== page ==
“You don’t think Chef is mad at me, do you?”Tyler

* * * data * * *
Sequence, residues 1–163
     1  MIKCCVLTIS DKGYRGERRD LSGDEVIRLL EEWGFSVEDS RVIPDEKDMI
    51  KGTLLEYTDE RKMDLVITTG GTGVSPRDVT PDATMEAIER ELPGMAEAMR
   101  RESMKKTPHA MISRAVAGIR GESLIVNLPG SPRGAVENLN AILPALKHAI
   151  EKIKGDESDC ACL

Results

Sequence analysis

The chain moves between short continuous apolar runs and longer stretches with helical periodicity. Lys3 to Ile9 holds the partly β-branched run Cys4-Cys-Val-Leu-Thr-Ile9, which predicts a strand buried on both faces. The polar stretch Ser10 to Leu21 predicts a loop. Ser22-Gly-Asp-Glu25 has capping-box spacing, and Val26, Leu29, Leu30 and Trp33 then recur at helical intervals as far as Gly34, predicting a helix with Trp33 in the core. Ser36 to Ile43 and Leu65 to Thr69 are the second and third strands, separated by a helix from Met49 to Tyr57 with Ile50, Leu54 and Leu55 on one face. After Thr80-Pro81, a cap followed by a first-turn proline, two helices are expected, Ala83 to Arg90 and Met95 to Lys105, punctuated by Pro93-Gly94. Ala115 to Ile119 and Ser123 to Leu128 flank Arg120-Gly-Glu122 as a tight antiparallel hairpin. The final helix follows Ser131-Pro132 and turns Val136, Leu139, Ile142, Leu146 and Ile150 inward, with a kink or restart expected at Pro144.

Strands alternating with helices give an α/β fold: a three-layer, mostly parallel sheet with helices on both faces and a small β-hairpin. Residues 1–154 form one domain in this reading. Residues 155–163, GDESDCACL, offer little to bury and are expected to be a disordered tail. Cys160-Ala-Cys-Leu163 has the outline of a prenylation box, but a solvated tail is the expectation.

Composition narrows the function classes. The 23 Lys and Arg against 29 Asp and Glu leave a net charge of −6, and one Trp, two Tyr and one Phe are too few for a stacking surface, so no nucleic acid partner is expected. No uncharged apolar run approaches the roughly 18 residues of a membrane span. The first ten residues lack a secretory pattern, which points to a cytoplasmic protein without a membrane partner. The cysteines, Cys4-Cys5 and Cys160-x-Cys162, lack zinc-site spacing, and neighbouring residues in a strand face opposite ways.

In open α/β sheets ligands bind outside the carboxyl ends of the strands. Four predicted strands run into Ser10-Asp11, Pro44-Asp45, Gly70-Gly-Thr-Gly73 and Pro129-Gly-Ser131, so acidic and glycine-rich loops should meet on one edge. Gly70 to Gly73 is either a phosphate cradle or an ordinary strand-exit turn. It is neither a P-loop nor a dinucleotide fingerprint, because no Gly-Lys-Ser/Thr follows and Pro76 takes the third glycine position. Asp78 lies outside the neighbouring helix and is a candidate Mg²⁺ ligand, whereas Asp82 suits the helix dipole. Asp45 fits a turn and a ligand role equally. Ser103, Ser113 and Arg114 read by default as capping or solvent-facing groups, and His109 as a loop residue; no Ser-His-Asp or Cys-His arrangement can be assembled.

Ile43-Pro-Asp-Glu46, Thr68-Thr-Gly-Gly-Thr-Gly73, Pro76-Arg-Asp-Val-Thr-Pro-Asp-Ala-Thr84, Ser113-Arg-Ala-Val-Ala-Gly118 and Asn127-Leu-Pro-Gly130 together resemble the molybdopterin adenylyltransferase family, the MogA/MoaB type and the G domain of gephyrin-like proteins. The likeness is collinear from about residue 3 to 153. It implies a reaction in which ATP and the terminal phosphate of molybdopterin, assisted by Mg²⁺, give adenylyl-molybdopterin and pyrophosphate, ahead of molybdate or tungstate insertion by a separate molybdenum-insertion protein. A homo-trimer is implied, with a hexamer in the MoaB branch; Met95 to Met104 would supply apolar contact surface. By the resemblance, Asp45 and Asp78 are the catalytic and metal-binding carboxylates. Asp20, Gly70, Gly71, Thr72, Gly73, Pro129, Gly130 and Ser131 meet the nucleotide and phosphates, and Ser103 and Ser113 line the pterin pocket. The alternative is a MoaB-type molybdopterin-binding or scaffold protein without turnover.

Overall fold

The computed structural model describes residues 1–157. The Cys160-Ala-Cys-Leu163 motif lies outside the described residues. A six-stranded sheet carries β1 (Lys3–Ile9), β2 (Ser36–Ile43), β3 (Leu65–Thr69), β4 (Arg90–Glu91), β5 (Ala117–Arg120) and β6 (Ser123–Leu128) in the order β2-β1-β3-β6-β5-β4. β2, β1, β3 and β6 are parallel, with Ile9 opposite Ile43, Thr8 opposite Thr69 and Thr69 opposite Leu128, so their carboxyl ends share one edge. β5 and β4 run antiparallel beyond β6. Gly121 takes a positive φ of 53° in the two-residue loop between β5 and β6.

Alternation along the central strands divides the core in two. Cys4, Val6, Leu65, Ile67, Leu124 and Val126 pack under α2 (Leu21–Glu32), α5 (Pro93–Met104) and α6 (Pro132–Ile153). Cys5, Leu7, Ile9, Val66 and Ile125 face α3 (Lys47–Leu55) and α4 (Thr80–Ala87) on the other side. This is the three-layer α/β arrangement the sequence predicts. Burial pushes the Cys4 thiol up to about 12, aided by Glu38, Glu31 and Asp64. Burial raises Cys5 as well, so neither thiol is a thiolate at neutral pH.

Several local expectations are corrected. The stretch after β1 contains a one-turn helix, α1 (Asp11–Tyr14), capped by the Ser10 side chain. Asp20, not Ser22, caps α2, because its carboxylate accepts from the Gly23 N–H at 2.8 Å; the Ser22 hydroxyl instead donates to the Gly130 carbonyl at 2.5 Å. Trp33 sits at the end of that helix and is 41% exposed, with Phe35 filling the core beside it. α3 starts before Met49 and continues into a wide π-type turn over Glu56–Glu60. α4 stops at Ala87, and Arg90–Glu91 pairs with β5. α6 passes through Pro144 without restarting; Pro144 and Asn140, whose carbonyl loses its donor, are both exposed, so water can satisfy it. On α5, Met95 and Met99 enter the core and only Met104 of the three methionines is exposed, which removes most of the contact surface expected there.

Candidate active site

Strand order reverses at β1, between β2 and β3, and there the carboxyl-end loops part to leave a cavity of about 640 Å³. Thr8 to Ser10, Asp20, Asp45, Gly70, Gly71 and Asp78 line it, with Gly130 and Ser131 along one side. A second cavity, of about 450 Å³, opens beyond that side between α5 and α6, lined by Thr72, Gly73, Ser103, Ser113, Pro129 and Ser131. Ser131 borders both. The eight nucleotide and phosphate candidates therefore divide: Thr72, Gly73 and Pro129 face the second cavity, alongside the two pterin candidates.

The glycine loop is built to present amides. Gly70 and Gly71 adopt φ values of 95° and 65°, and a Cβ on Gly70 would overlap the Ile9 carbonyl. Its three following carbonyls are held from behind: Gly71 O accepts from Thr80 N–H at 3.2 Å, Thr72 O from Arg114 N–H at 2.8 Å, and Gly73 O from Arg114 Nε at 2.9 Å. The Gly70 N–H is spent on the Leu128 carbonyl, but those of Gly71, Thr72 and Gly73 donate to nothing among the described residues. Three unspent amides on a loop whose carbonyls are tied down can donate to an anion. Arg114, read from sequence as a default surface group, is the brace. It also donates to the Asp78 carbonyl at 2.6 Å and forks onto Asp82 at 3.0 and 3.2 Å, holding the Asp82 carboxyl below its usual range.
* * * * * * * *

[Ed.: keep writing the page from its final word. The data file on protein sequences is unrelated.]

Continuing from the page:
Mark Mylod’s gastronomic satirical thriller skewers the “foodie” world with relish, pairing a deconstruction of the participants with a zesty assault on how it serves to drain the joy of food that should sit at its heart. A handful of diners have been invited to an exclusive tasting menu at Chef Slowik’s remote island restaurant. The wild card, and audience perspective, is Margot — a last minute substitution by Tyler when dumped by his girlfriend. Anya Taylor-Joy’s expressiveness is perfect for Margot’s utter disdain for the theatrics taken so seriously by the guests — she is the only one to realise they are being insulted, and confident enough to refuse to play Slowik’s game. Meanwhile the verisimilitude of the meticulously constructed food and minimalist decor creates a distorted space within which it feels the film could frequently veer in any direction. The Menu presents the world as split into servers and consumers, though it satirises both sides of the divide: Slowik’s self-obsession is no better than the diners’, albeit more purposeful, holding his staff in cult-like sway. The film’s cruelty, however, is reserved predominantly for the wealthy, its wider critique being the blight of capitalism and its widening inequality. The food critics engaged in competitive intellectual snobbery may also make a certain type of film critic squirm uncomfortably. At its best The Menu is deliciously unexpected and, although it runs a little too long in reaching “an ending that ties everything together conceptually”, the final course is a satisfying conclusion to a most unpredictable meal.